So, the panic is starting to set in. Book 7 of the Allie Beckstrom series is due in about five weeks, and I am not at all where I want to be word-wise. Hopefully, this weekend will get me caught up.
I tell people I outline–just one quick sentence for each chapter to show:
1. Main conflict of chapter
2. Main action of chapter
3. Character emotional state/change
4. Rising conflict into next chapter
5. Stuff I need to remember/plot lines I’m threading forward
For example, here’s what I wrote for chapter one of book six, MAGIC ON THE HUNT (if you’ve read the excerpt at the end of MAGIC AT THE GATE, this won’t be a spoiler. If you haven’t, you might want to scroll down.)
Happy Allie and Zay at her place. Dane walks in with gun and goons.
That covers the first six pages of chapter one. The other seventeen pages of chapter one is me working that event to its conclusion. Since I knew what was going to happen (who would do what, and what information would be revealed in the chapter) I didn’t bother writing it down.
Which sounds like a pretty haphazard way of recording things. But it isn’t. And here’s why.
I pre-outline. This is the step after brainstorming and before actual outlining.
Hold on. I think I need to back up.
I guess step one for me is brainstorming:
I sit around and make notes about what has happened in past books, what needs to happen, what each character wants to happen, and what my end goals for the characters and books are going to be. That’s all stuff for the big series arc. For the one-book arc, I also work out what the main conflict will be in this book, which characters will need to deal with the conflict, and how that will change them (keeping in mind the big series arc) and how it will move them and the big arc forward. I also decide on the ending of this one book.
Then my brilliant first reader, Dean (who happens to be my brother) shows up, and we drink a lot of coffee and discuss the books and toss wild ideas at each other and poke holes in the big-arc plot and the current book plot arc. I always acknowledge my first readers in my books because, people, they are INVALUABLE to me. I am so glad I have someone who will take the time to listen to me blather and “what if” about Allie and her crew. I am even luckier to have someone who will throw other fantastic “what if’s” and ideas back at me. My first readers rock. (Dean rocks for not only first reading, but also brainstorming with me.)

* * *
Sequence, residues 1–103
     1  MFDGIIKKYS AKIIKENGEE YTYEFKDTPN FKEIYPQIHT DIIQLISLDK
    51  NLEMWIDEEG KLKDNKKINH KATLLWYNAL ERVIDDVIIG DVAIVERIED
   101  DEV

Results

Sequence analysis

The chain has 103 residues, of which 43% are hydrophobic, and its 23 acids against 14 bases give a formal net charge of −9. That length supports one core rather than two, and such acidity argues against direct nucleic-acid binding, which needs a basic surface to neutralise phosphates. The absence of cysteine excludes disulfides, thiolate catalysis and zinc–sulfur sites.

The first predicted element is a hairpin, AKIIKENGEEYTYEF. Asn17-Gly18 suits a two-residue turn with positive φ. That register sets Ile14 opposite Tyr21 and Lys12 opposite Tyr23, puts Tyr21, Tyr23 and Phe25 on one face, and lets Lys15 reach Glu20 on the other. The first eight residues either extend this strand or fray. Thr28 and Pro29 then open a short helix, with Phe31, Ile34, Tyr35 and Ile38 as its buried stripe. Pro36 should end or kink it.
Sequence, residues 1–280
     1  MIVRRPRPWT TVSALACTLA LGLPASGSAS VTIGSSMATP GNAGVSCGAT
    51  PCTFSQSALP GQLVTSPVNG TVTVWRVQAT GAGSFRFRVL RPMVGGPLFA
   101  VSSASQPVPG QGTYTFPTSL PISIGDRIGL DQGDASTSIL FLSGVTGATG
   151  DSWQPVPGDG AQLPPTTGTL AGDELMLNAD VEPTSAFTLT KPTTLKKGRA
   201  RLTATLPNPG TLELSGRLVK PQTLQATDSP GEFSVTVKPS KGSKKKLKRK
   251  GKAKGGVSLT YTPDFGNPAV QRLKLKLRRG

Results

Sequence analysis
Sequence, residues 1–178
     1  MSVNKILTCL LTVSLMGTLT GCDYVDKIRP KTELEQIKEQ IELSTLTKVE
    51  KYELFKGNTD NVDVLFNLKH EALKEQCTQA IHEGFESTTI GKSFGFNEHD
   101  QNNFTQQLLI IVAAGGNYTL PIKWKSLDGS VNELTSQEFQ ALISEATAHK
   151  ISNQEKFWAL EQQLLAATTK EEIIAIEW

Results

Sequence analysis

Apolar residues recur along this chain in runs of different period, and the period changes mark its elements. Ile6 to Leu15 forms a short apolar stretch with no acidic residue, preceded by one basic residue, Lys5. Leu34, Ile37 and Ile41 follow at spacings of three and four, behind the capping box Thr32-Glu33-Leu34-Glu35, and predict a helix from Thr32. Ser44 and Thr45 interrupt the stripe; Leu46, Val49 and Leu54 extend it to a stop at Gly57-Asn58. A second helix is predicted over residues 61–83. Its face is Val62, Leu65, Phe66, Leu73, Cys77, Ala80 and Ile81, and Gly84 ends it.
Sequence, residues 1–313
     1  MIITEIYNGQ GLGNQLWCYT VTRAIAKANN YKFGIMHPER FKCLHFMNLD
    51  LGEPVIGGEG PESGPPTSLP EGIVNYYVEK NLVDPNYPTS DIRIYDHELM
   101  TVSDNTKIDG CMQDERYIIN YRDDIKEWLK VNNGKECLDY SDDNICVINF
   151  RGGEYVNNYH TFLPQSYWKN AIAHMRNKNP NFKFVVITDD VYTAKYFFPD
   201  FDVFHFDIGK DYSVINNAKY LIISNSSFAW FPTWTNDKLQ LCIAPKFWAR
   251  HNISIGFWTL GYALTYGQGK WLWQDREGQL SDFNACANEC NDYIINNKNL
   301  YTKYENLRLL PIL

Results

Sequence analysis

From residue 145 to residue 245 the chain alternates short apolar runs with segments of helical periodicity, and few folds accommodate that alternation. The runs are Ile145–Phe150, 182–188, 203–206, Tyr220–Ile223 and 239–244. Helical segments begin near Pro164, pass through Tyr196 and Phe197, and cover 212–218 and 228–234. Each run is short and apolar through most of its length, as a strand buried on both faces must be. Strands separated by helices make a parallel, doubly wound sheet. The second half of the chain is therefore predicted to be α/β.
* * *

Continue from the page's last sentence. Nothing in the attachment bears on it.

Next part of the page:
Step two is pre-outlining/scenes and events:
This is where I take all my notes from brainstorming along with new ideas that have come to me since the brainstorming, and start building a list of scenes and events that need to happen. Some of those scenes will fit in this book. Some will be held for later books. Some will never come to fruition. No, I’m not sure which scenes will fall into which category. A lot of this is done on gut instinct and an ear to the ground for story telling and the emotional arc of the big series plot. (i.e. I simply begin and adjust as needed. Writing is often a leap of faith. I leap.)
Step three is outlining:
I take a blank piece of legal paper and number the lines from 1-20 because I like the tidy idea of a book fitting into twenty chapters (even though that rarely works out, lol.) Each chapter gets a one-line description. I almost always have chapters one through ten or twelve worked out, then a sort of vague idea of the next couple chapters, and then chapters eighteen, nineteen and twenty worked out.
As I’m writing the book, I glance ahead at the one-line descriptions to make sure I’m setting things up for the next conflict or set of actions. This is also part of what keeps me going. I get excited about writing the next funny scene, or getting to have a favorite character on stage, or tackling an upcoming tricky fight.
But writing is a fluid craft for me. As the story actually hits the page, things change, better ideas show up, old plot threads get tied down, or tangle in interesting ways. I am not so married to my outline that I’ll throw out a good idea simply because I didn’t think of it while I was in brainstorming, pre-outlining, or outlining stage.
Which means I break the details of my outline while I’m writing the book all the time. Sometimes I even break the one-book plot arc, though I never change the ending. This is just how it works for me. I don’t have any idea if other people do it this way.
When the book/chapters are no longer lining up to the outline, I stop and readjust the outline. It’s only one line per chapter, so it’s not like I’m redrafting thousands of words. Usually all I do is cross out a word and add another, or draw arrows to rearrange how the action is really lining up in the written version. And, as always, the ending chapter/scene always remains the same.
Eventually, I’ll get tired of the messy paper, and type the outline into my computer and make adjustments there as I go.
And that brings me to today. Time to finish adjusting the outline and get a chapter or two written. It’s also time to brew coffee and pour myself a nice big cup, because one thing I know for sure: coffee and a steadily growing word count always work to keep the deadline panic away. 😉